Cover image for Florida wildflowers in their natural communities
Florida wildflowers in their natural communities
Taylor, Walter Kingsley, 1939-
Publication Information:
Gainesville : University Press of Florida, [1998]

Physical Description:
xiv, 370 pages : illustrations (some color), maps ; 24 cm
Format :


Call Number
Material Type
Home Location
Item Holds
QK154 .T38 1998 Adult Non-Fiction Non-Fiction Area

On Order



"This is the first photographic identification guide to have an extensive discussion of plant communities and to organize plants by plant community . . . of interest to anyone desiring to identify Florida flowering plants--individuals who enjoy the outdoors, amateur naturalists, teachers, students, and professional biologists."--Walter Judd, University of Florida

Walter Taylor's guide will help readers recognize and identify wildflowers in a different way, not principally by their color or family group, but by where they're most likely to be found growing--their natural habitat. This book is the first of its kind for Florida.

Taylor provides detailed descriptions and color photos of each community--pine flatwoods, sandhills, upland pine forest, scrub, temperate hardwood forest, coastal uplands, subtropical pine forest, tropical hardwood hammock, and ruderal sites--and of the wildflower species associated with each. For each flower, he provides the scientific and common names, a brief description, flowering time, habitats, geographical range, color photo, and miscellaneous comments. While most of the flowers are herbaceous, Taylor also includes characteristic woody types. He makes special mention of endangered or threatened species and species of special concern. The guide includes a number of limited-distributed species that have never been published in a book of this type.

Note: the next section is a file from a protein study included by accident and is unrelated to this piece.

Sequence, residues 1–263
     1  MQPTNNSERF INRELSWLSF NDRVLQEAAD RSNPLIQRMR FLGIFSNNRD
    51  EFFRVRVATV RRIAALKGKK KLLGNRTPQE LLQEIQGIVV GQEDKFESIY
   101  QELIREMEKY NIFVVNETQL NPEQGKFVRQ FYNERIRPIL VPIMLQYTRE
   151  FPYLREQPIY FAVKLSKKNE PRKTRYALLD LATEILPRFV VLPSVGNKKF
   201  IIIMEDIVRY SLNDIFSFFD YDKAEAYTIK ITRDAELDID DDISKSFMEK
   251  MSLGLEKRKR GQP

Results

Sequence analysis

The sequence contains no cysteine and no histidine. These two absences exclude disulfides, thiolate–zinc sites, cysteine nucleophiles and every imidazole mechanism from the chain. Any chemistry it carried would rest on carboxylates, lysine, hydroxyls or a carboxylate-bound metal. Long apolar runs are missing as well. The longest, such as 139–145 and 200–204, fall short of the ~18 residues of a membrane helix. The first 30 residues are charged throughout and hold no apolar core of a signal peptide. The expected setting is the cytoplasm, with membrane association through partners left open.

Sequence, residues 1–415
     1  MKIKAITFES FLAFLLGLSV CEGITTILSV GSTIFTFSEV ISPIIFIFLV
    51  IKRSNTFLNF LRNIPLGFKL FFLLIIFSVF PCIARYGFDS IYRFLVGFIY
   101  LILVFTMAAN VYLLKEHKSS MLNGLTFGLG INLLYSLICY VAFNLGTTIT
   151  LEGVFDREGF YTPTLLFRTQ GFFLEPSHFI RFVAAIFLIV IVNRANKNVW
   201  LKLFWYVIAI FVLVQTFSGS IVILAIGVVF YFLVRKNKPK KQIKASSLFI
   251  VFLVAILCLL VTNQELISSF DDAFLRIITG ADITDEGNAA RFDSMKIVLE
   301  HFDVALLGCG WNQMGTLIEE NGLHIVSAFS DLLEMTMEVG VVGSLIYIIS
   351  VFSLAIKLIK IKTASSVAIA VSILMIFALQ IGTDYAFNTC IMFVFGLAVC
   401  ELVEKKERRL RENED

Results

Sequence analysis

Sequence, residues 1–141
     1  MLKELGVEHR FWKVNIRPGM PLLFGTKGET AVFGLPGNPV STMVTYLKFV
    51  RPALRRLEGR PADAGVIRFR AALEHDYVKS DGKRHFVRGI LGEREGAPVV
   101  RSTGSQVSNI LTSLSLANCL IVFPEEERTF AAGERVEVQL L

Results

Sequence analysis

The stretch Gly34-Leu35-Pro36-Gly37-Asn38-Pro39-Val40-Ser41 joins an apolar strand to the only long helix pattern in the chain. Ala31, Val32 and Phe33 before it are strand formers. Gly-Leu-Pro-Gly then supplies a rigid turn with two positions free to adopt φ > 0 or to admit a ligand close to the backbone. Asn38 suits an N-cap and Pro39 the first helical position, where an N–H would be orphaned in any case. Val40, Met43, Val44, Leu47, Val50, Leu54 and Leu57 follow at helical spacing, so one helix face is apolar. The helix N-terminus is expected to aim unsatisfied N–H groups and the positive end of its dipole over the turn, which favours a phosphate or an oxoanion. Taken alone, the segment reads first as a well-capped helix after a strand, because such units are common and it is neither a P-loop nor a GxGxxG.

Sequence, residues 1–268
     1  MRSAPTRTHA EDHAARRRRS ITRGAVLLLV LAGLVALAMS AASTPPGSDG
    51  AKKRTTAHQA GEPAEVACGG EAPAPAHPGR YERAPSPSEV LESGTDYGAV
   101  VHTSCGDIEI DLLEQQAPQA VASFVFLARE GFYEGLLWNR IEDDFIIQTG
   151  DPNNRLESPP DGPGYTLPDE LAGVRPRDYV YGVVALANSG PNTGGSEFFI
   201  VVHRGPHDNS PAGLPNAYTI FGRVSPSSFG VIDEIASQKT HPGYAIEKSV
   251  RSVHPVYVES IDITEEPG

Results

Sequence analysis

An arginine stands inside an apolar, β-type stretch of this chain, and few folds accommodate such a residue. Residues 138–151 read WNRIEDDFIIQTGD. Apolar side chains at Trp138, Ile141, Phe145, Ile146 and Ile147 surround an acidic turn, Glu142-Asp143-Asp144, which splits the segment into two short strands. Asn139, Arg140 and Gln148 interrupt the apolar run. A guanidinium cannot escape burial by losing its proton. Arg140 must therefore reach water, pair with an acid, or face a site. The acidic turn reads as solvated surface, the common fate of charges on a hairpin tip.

With individual photos (taken in the field) of more than 450 wildflower species, the most accurate range information available, and organization by ecological community, Taylor's guide aids not only in wildflower identification, but also in appreciation of the Florida landscapes that support them. By linking flowers with their natural habitats, it highlights the need to protect these ecologically unique communities to ensure survival of the wildflowers themselves. In addition, it offers a new resource for gardeners interested in planting native species.

Walter Kingsley Taylor is professor of biology at the University of Central Florida, Orlando, and the author of The Guide to Florida Wildflowers . He has lived in Florida for thirty years.

Reviews 1

Choice Review

Taylor has arranged some 469 Florida plant species into eight natural plant communities within the state. In this unique and refreshing approach to a wildflower guide, photographs visually illustrate the natural plant community described at the beginning of each community section. "Florida: Not a Paradise, But a Delicious Paradox" provides geographical and geological information. The introduction includes general information related to learning plant identification, flower structure, flowering times, distribution of species, and plant names. Part 1 overviews Florida's eight major terrestrial communities, discussed relative to soils, distribution in the state, topography, and vegetation. Part 2, divided into eight natural communities, is illustrated with photographs and descriptions of species found within each community. Descriptions include common, family, and species name; plant characteristics; flowering time; habitat; range (by county); comments; and recent synonyms. Descriptions would have been more useful if they had included approximate size or flowers. Part 2 includes places to see Florida's diverse flora, with a useful list of mostly state parks, preserves, historical sites, nature centers, and national forests arranged by county under each of eight natural communities. High-quality photographs; glossary; selected references; indexes to people, places, species, and families. An excellent and most useful guide. All levels. S. L. Timme Pittsburg State University